HomeAbout

SIGN IN   Advanced Search










 
Browse Biotechnology
Microarray Analysis in Drug Discovery: An Uplifting View of Depression

Genomic profiling provides insights into drug evaluation for diseases without defined molecular mechanisms or cellular assays. Levy provides a brief background in the development of microarray analysis and discussion of the application of this technique to pharmacogenomics. Highlighted is the microarray analysis of primary human neurons treated with antidepressants, antipsychotics, or opioid receptor agonists, demonstrating that these classes of drugs can be properly categorized by using two different statistical analysis methods: classification tree and random forest. Not only is microarray analysis valuable for drug evaluation and leading candidate development, but the genes identified as markers for the various drug classifications point to new directions for research into the underlying pathways responsible for human diseases, such as depression and psychosis.

Rate this Resource:
1 = not useful, 5 = very useful

Please be the first to rate this resource.


Subscribe and
View Resource

Classifications


Resource Type: Diagram, Illustration, Journal article/Issue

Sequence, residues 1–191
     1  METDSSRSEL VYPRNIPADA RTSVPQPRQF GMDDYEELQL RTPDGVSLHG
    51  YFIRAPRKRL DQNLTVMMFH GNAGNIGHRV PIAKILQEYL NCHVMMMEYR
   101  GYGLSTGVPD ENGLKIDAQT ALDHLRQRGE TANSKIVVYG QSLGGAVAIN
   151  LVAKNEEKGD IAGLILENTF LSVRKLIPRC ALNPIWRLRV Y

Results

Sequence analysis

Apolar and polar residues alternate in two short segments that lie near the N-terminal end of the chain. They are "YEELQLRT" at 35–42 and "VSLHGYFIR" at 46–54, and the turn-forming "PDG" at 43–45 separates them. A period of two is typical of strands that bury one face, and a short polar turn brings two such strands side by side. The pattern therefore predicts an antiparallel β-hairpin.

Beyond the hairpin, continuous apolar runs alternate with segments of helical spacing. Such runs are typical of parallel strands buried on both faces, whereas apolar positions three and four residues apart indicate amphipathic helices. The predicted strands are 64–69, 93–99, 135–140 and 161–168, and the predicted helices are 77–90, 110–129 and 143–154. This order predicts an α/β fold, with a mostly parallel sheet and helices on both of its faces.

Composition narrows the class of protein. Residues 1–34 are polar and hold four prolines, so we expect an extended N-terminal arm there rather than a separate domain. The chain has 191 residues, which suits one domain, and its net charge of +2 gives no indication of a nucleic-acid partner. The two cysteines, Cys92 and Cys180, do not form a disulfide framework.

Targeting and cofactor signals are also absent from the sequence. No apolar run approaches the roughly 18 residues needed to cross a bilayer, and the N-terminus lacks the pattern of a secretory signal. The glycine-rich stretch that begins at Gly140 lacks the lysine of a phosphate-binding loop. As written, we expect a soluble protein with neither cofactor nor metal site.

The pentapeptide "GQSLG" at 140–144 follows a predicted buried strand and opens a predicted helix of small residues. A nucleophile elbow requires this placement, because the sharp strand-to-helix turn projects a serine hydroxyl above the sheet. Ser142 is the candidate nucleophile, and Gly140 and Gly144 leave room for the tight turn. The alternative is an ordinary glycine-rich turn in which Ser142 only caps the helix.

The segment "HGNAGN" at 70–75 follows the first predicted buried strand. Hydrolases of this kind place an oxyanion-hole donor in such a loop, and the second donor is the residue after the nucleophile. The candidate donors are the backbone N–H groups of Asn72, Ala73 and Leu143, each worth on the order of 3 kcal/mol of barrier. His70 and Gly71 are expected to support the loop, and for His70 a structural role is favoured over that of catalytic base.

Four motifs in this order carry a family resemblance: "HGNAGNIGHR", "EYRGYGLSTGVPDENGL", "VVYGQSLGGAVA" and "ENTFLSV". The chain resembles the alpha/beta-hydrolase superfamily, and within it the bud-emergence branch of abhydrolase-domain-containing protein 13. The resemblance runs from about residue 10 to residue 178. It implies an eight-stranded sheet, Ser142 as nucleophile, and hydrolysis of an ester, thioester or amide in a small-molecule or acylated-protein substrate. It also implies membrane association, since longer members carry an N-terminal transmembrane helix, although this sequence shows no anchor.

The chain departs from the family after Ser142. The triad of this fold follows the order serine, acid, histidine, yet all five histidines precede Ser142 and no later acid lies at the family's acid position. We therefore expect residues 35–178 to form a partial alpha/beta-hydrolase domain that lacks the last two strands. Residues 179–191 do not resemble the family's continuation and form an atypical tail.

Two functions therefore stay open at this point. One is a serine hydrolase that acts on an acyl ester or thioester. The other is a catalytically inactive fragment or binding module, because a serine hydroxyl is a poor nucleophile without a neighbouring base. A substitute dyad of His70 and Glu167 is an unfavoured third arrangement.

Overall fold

Audience Level: Undergraduate upper division 15-16, Graduate, Professional (degree program)

Author and Copyright


Authors and Editors: Shawn E. Levy of Department of Biomedical Informatics, Vanderbilt University Medical Center
Publisher: American Association for the Advancement of Science
Format: application/pdf, image/gif, image/jpeg, text/html
Copyright and other restrictions: Yes
Cost: Yes

Comments


» Sign In or register to post comments.


Collection:
STKE/Science Signaling


     
   

SITE MAP | CONTACT | POLICIES

Triple A S National Science Foundation Naitonal Science Digital Library Pathway
Funded by the individual BEN Collaborators and grants from the
National Science Foundation [DUE 0085840 / DUE 0226185 / DUE 0532797 / DUE 0734995]

This website is a National Science Digital Library (NSDL) Pathway.
Copyright © 2019. American Association for the Advancement of Science. All Rights Reserved.